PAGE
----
And therein, my idea: A young lady (let’s say a grieving hat-maker in the Victorian era, because naturally, the setting lends itself to something gothic), comes upon a wrought iron enclosure in a cemetery and sees not only a tomb, but a lone flower unfurling it’s immaculate petals, proud and thriving in the midst of the decomposing wilderness. The young lady cannot resist the unusual blossom, having a love for colors and textures due to her hat-making skills. So, being resourceful and impetuous as all good heroines must be, she breaks off the padlock, digs up the flower, and takes it home, little realizing that within the petals resides a man’s spirit—a ghost that happens to have no memory of ever dying. To help solve this dashing (this is a romance, so of course he HAS to be a hottie) ghost’s death, my young heroine must return to the cemetery and follow the trail that leads into the woods to meet the keeper of the grave, her first step in unraveling the mystery.
Voila! From a scene rich with a history that I will never know is born a story that I can mold and shape into something of my very own.
I so love being a writer.
So there’s my skeleton plot, no pun intended. Now, before I can move onto the research which is where I get most of my scene ideas and where the story beefs up to a full meaty plot, I have to motivate and get to know my characters.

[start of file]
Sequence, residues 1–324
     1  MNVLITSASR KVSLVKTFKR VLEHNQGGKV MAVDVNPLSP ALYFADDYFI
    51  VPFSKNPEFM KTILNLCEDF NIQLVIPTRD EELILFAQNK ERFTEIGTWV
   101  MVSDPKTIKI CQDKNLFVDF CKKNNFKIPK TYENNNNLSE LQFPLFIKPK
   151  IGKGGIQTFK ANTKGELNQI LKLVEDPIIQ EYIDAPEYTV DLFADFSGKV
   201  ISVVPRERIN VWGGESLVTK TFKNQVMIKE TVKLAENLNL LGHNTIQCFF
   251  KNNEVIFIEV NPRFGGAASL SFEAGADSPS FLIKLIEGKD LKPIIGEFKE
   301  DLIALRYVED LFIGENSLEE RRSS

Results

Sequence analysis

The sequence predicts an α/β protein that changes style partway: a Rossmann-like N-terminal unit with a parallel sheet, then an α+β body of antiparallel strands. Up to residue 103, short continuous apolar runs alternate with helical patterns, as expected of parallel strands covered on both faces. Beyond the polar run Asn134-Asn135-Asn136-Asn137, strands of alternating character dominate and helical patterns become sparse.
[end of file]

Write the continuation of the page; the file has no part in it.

Remember, I’m a visual person. So when I first start fleshing out my characters, I want to have a sense of what they look like. I go online, look at sketches or headshots of people, be they models, actors/actresses, or just regular Joes like me. I look for faces that hold some sort of aura, some expression or aspect that brings to mind characteristics of my character. Then I print them off and tack them to a corkboard in my office to help me visualize these people in the beginning when I’m first getting to know their voice. I know, weird. But that’s what works for me. It makes them come alive.
Okay, now I have to give them personality and motivation. First we have a ghost. And he’s already an interesting fellow, considering:
A. Duh … he’s a ghost. *snort*
B. He sings beautiful arias in a foreign language yet speaks in English.
C. He has amnesia; not only is he unaware of his death, but he has no memory at all of his life. So naturally, he’s going to want to remember = his motivation to reach out to this woman.
So, I need to give my heroine something unique to her. Something that will be a challenge to her everyday life, but will bond her instantaneously to this spectral stranger. What say we make her deaf? She lost her hearing at age eight and hasn’t heard a sound for eleven years. Now suddenly, she can hear this ghostly man. And ONLY him. No doubt, they are going to become fast friends, despite the fact that they can’t touch (sexual tension—it’s a great tool—USE IT). Her affection for him will motivate her to act against her usual cautious nature and try to find answers to his past.